For example, someone taking simvastatin (brand name Zocor) who also drinks a small 200-milliliter, or 6.7 ounces, glass of grapefruit juice once a day for three days could see blood levels of the drug triple, increasing the risk for rhabdomyolysis, a breakdown of muscle that can cause kidney damage.

Estradiol and ethinyl estradiol, forms of estrogen used in oral contraceptives and hormone replacement, also interact with grapefruit juice. In one case in the journal Lancet, a 42-year-old woman taking the birth control pill Yaz developed a very serious clot that threatened her leg several days after she started eating just one grapefruit a day, said Dr. Lucinda Grande, a physician in Lacey, Wash., and an author of the case report.

But Dr. Grande also noted that the patient had other risk factors and the circumstances were unusual. “The reason we published it as a case report was because it was so uncommon,” she said. “We need to be careful not to exaggerate this.”

Some drugs that have a narrow “therapeutic range” — where having a bit too much or too little can have serious consequences — require vigilance with regard to grapefruit, said Patrick McDonnell, clinical professor of pharmacy practice at Temple University. These include immunosuppressant agents like cyclosporine that are taken by transplant patients to prevent rejection of a donor organ, he said.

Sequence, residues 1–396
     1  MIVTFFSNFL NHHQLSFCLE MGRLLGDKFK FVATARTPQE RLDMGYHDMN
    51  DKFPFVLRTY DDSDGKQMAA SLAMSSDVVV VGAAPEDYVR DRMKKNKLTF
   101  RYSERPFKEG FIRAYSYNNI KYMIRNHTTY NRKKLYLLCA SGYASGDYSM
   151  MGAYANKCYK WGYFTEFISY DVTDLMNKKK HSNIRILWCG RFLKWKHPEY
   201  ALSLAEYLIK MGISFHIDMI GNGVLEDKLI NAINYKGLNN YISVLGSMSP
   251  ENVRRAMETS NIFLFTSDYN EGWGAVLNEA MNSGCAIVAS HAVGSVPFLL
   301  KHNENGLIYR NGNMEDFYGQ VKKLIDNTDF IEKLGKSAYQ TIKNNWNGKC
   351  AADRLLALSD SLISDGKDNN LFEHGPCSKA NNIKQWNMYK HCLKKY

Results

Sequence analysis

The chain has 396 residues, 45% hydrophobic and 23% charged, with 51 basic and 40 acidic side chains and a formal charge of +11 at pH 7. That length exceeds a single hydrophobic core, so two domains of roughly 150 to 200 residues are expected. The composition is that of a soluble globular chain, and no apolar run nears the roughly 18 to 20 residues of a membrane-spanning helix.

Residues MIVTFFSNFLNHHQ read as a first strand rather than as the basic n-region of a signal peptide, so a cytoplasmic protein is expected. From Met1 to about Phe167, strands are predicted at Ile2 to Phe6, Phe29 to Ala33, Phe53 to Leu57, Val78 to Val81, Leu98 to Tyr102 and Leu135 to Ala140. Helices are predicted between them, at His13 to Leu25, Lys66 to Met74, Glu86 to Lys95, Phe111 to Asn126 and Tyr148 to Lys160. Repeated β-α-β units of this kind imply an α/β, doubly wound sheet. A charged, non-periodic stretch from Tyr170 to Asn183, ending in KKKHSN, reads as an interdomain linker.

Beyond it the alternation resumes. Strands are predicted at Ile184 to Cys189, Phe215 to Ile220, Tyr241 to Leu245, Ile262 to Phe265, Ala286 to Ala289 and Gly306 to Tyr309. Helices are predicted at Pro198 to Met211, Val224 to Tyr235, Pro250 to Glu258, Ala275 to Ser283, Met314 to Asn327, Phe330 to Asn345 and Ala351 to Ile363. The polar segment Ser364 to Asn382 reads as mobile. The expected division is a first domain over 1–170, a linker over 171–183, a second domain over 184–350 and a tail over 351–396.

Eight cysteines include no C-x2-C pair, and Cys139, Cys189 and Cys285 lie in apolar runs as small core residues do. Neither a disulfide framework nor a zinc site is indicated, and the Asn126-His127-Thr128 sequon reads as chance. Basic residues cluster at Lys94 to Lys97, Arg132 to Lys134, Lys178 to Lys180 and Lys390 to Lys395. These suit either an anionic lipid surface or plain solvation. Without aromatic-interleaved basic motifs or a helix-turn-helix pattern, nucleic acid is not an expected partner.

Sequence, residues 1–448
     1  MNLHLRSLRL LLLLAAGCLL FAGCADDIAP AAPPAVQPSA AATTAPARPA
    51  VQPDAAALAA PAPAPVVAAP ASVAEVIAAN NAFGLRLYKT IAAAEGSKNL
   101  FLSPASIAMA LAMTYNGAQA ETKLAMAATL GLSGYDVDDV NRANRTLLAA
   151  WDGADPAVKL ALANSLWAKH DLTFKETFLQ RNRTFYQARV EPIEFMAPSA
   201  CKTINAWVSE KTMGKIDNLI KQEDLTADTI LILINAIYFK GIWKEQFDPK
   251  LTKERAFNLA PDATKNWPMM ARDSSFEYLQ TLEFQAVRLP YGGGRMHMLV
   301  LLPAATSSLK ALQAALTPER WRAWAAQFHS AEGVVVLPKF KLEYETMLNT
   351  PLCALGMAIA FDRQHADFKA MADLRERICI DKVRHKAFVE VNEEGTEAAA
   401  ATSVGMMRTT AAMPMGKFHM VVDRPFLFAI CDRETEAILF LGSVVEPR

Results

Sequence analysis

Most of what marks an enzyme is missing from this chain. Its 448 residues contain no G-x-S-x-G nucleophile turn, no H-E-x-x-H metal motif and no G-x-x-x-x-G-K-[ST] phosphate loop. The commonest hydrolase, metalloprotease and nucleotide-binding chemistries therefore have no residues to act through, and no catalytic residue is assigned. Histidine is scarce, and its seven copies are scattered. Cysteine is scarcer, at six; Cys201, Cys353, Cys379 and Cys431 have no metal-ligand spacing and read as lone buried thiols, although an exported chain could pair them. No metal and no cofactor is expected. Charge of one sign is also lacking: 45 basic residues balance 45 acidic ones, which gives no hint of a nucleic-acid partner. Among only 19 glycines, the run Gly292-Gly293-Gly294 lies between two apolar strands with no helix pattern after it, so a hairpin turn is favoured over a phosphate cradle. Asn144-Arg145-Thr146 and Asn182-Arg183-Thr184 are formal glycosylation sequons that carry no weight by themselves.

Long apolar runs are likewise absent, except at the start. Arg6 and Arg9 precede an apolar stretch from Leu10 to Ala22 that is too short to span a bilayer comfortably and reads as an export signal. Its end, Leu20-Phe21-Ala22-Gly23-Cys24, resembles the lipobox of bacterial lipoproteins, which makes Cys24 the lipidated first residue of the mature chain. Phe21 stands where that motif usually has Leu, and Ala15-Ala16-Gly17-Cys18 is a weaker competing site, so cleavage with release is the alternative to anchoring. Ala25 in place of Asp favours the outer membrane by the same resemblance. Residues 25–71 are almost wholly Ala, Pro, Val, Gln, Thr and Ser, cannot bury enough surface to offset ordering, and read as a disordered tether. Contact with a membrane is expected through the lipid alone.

Still, Dr. McDonnell added, most patients suffering adverse reactions are consuming large amounts of grapefruit. “There’s a difference between an occasional section of grapefruit and someone drinking 16 ounces of grapefruit juice a day,” he said.

And, he cautioned, “Not all drugs in the same class respond the same way.” While some statins are affected by grapefruit, for instance, others are not.

Here is some advice from experts for grapefruit lovers:

  • If you take oral medication of any kind, check the list to see if it interacts with grapefruit. Make sure you understand the potential side effects of an interaction; if they are life-threatening or could cause permanent injury, avoid grapefruit altogether. Some drugs, such as clopidogrel, may be less effective when taken with grapefruit.